Thursday, November 27, 2014

Film Review: Interstellar

Copyright: Paramount Pictures
I don’t care about explaining worm hole or black holes, I don’t care about the reasons why a world is dying (that is why I can ignore ridiculous reasons like plant illnesses) or what preposterous plan is made up to save it. I love science fiction in every shape and form, but if it’s good, I can set aside any problems if a work of art built on solid foundations. This means that I do care about the characters and how they act in different situations, and how they grow and develop under these circumstances.

Here is the tragic thing about Interstellar and Christopher Nolan: he builds his characters meticulously, like a genetic engineer would work on his pet project in the most equipped lab in the world. Like a geneticist, he creates everyone’s narrative DNA brick by brick, making sure that they produce the strongest possible impact when they are brought to the world. But, there is a cruel touch that can be felt in that mixture, one that belongs to a cold, calculated demographic analyst and not an artist ready to himself begin a journey of exploration.

This Interstellar review isn’t about how Nolan made a bad movie. It’s about he made a perfectly tunned film that was designed to be liked, even worse, to be loved. For me, this is a terrific flaw, and to add salt to the wound, I think it was premeditated to the last miniscule detail.

Interstellar movie tells the audience much about relativity and astrophysics. It is set in the future, where a famine destroyed the current society, and replaced it with a utilitarian one, where almost every citizen is a farmer. In spite of that, humanity continues to suffer, while the public turns away from science and especially space exploration as something that can help them out.

Matthew McConaughey plays Cooper, a former pilot who now runs a farm and raises his family. One day, he witnesses a strange phenomenon that includes gravity and it eventually leads him to the stars, where the humanities only real chance lies. With his crew, he sets off, but leaves his son and daughter back on Earth, and soon, they lose direct contact, separated by galaxies. Not only that, but time runs differently on both ends, but love continues to be felt on both sides as an almost tangible force. But, McConaughey and all other A-list actors are not the problem here.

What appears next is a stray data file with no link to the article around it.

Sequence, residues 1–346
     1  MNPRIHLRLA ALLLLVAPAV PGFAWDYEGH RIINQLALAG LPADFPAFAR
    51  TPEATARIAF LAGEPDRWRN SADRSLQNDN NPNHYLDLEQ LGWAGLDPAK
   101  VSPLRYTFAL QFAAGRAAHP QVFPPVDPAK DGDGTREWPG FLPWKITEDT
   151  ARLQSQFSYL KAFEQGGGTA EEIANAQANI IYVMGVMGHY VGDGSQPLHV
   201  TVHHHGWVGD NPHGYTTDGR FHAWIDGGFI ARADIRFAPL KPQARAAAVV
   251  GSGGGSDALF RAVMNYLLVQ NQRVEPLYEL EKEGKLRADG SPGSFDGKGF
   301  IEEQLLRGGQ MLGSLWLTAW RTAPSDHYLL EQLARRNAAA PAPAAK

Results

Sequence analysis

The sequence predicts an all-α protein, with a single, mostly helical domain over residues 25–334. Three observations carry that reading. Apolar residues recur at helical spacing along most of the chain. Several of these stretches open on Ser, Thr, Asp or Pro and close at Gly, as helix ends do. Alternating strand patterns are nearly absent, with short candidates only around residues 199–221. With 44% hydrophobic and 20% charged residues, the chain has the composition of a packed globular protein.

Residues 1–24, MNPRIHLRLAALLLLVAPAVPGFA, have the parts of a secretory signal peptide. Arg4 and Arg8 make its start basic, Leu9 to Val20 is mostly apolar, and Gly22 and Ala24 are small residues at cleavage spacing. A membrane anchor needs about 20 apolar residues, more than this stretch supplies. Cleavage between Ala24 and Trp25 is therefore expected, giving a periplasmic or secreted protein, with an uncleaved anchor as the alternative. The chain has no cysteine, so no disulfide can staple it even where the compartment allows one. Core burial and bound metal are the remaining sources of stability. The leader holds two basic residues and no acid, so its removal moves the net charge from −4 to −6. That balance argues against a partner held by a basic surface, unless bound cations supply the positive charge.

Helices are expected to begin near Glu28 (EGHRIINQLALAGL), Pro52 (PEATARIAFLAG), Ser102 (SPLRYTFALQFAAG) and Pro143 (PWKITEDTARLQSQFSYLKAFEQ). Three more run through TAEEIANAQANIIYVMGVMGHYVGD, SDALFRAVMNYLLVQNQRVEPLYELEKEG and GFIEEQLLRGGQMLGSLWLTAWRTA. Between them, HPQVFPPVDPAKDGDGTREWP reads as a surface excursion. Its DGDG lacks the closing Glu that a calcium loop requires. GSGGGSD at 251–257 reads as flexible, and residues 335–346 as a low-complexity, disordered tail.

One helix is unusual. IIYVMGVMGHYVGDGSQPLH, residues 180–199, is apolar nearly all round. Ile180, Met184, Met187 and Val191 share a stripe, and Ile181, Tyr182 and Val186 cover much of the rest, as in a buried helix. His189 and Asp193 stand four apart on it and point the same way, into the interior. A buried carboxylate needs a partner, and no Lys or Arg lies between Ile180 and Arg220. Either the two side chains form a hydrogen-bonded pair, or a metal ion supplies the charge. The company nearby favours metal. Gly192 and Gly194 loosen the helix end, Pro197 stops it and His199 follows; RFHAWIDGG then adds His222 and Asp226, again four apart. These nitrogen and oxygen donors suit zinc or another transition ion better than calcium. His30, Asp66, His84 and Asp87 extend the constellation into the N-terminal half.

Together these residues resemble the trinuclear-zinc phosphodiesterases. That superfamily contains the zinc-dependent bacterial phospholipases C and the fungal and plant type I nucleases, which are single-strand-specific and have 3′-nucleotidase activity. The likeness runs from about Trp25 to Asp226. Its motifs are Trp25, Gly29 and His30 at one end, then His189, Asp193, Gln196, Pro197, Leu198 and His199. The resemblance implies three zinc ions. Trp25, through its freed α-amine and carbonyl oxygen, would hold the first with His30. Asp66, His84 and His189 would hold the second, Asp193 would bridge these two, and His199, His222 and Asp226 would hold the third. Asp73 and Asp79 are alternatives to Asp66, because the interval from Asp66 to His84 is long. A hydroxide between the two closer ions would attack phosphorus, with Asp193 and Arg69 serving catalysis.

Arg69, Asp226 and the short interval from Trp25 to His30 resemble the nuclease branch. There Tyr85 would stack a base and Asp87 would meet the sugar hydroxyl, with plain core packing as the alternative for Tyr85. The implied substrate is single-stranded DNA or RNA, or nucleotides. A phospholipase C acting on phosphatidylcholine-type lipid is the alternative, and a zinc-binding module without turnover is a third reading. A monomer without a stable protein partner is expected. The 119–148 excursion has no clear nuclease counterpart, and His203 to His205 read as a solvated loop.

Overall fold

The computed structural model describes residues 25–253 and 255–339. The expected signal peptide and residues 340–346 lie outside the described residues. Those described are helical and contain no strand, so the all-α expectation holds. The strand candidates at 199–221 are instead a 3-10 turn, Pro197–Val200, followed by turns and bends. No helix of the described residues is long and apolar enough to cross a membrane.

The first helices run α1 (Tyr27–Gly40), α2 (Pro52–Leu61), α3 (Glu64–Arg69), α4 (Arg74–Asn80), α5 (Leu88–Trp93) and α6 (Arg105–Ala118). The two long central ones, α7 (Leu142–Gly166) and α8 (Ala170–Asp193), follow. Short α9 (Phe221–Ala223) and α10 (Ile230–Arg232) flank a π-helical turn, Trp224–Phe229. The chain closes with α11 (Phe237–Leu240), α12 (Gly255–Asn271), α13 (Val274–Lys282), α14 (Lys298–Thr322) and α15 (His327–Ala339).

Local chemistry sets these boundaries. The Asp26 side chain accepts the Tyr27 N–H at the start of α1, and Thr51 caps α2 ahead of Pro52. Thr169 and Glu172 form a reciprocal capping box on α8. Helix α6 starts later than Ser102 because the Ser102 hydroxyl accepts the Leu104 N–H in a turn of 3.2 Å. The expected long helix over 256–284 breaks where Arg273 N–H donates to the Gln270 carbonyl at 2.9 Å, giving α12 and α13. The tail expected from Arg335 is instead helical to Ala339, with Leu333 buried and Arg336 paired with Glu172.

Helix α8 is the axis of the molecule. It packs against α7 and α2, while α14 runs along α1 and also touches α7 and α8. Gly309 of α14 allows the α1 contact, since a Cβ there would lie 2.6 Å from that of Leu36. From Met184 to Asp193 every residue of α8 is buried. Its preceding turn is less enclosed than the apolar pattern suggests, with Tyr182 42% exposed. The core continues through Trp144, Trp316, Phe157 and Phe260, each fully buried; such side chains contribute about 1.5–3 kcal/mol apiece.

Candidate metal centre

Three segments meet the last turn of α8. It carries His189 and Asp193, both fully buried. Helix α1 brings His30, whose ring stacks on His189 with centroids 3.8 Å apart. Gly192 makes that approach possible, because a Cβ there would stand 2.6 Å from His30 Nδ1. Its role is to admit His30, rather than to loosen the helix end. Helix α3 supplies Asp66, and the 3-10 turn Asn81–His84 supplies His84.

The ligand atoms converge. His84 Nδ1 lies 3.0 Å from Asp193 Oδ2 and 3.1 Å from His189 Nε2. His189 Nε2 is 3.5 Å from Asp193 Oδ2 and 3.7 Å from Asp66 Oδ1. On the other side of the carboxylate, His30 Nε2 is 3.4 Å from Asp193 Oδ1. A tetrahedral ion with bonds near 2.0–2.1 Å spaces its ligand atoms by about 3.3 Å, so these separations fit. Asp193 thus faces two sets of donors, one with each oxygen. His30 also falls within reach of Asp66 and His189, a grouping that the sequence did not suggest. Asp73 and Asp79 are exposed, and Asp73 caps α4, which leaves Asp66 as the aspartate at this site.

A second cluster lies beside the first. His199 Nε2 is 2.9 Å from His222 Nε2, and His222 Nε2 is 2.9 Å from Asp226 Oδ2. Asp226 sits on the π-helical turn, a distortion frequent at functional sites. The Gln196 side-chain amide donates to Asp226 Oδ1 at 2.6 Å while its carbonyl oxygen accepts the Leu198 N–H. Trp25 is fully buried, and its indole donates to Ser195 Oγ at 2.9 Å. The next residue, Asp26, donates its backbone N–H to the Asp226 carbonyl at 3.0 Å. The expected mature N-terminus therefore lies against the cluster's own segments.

Interstellar is an incredibly predictable film, right from the first “strange” moment. It features many space movie tropes, including the bending of the paper which is use to explain wormhole travel. It offers a very pop and trendy defense of modern science and technology that is equally lame as the current real-life threats against it coming from Creationist and similar “thinkers”. It provides fake science explanations about things no one even wondered about. In some ways, it reminds me of the historical Cult of Reason, where the French revolutionaries created the same monstrosity they were initially fighting against.

All this is for me trivial to the fact that is crucial for this Interstellar review. Nolan made the film in the same fashion in which successful Coke commercials are made. He and his team found a way to target emotion soft spots primarily through many different versions of love (parental, romantic, and platonic). It marinated them in masterful dynamic and excitement key points, and seasoned them with hopes and fears of the entire species. But it tells nothing about the human condition, or the future of it. It tells us that science is great and indispensable, but also that “love” is a quantifiable force. If this film was a voter, it would vote for everyone on the list. It Rock and Country; left and right; science and religion and because of this, it ends up as total BS. It doesn’t take a single risk during its 170 runtime.

Interstellar movie knows what we like, and it shovels the same things down our throat, while in the background, a black hole can be seen.

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